June is history month, and while there’s a ton of great historical fiction for teens out there, it’s also a perfect time to start asking “What if?”
What if the American Revolution never happened?
What if the Axis Powers won World War II?
Alternate history books are a great way to explore these questions, and alternate history for teens is becoming increasingly popular. Here are a few books to get you started.
These stories can blend speculative elements with historical facts, which is perfect for prompting discussion about what is truth and what is fiction in the novels discussed. They can also prompt readers to explore more nonfiction about the time period. Continue reading Booklist: YA Alternate History
I think it’s safe to say that we here at The Hub – and all of you, of course – are avid lovers of books and libraries. I remember how my grandmother was my first introduction to the glories of the public library. She would take me to story hour each and every week, sometimes multiple times if the theme was great. She always let me check out whatever I wanted and encouraged me to read voraciously. She never seemed to care if I checked out 25 books, read through them in three days, and begged to go to the library again.
As I got older, I began to develop friendships with the librarians. They knew me well enough to offer reading recommendations and cared enough to check up on my life. The children’s librarian was kind enough to stoke my thirst for knowledge and learning by letting me help with program setup and execution, giving me my first glimpses behind the scenes. I completed volunteer hours and job shadowing there to meet high school requirements. The library was my safe space, a comforting haven. It was in my childhood that I first dreamed of growing up and becoming a librarian.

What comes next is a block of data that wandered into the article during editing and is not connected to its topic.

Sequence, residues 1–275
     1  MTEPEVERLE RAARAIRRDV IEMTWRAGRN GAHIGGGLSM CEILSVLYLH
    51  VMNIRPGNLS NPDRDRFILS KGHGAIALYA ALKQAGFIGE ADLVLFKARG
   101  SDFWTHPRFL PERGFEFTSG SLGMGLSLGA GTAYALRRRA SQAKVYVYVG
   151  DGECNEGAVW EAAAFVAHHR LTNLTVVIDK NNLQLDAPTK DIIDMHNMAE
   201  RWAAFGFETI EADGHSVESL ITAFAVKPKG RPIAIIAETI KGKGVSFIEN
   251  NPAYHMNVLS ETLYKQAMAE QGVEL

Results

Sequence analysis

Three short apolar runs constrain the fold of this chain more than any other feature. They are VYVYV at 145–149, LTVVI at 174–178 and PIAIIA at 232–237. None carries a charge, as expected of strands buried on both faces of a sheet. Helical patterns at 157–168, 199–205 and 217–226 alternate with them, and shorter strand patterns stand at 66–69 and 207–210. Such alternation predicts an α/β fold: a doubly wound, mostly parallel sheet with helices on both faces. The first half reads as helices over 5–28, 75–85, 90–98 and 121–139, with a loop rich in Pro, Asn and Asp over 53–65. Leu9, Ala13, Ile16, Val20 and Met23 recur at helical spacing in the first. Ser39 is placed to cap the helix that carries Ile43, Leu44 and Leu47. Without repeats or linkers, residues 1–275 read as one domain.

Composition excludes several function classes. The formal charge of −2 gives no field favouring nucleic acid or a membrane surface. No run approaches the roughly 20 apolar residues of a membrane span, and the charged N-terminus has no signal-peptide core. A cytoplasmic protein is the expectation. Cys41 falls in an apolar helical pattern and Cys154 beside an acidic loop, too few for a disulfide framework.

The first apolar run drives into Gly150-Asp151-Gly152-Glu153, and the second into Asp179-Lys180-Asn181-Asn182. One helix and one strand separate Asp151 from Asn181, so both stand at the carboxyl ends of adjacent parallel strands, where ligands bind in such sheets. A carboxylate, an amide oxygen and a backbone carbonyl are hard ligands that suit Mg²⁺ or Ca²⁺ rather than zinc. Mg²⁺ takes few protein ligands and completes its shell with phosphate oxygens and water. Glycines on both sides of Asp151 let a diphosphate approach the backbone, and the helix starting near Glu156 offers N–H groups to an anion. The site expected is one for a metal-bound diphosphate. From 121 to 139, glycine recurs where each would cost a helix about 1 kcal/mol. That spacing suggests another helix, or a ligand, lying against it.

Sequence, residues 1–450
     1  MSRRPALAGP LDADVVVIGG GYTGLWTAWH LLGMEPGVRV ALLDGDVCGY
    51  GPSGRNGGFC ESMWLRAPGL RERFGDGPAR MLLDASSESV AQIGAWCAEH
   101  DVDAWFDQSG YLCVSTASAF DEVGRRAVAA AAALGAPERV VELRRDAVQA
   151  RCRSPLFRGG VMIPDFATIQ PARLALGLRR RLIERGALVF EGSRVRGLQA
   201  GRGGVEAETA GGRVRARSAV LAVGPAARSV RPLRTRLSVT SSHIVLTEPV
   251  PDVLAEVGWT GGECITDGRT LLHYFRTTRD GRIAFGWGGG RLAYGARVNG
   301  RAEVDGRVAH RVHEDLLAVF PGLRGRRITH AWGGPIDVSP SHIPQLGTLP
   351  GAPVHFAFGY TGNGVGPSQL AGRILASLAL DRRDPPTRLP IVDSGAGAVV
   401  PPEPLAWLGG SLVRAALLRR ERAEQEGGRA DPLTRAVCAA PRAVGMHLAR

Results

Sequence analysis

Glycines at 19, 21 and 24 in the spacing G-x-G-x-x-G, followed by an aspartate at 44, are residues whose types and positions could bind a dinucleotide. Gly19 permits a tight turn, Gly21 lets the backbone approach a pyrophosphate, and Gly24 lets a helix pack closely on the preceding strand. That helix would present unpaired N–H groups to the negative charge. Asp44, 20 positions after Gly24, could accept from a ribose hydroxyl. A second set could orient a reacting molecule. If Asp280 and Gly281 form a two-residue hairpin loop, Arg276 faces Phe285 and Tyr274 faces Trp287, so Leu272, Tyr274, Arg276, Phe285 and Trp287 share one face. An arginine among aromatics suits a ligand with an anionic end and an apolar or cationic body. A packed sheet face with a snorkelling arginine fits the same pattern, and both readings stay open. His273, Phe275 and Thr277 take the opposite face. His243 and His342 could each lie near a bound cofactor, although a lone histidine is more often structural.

Even today, the first thing I do after I move to a new city is to scope out the public library and get a library card. And now that I have a library degree myself, I not only understand the magic of a public library, I also grasp the vital role that libraries play in the community. Institutions of knowledge and learning, committed to freedom of thought and expression, stalwarts against censorship, advocates for the public. I’m very passionate about libraries and the importance they play in our society. But sometimes they also just make a darn good setting for a fictional yarn, so today I wanted to bring you some great books for a YA audience that feature a prominent library setting. Continue reading Check This Out: Libraries in YA Lit
One of the most frequent readers’ advisory questions I get is also one of the most complicated. Often, a reader asks for a “funny” book. But what does that mean?
Humor is subjective. Some readers might be looking for a book with slapstick-y humor, others might appreciate darker humor, like satire. Some readers don’t mind a book with bits of humor but more dramatic themes overall, others just want an easy, breezy comedy.
Bottom line: matching books with readers looking for a funny book can be tricky.
Since April is National Humor Month, it seemed like a good time to break down the subcategories of humor and offer suggestions for readers looking for funny books.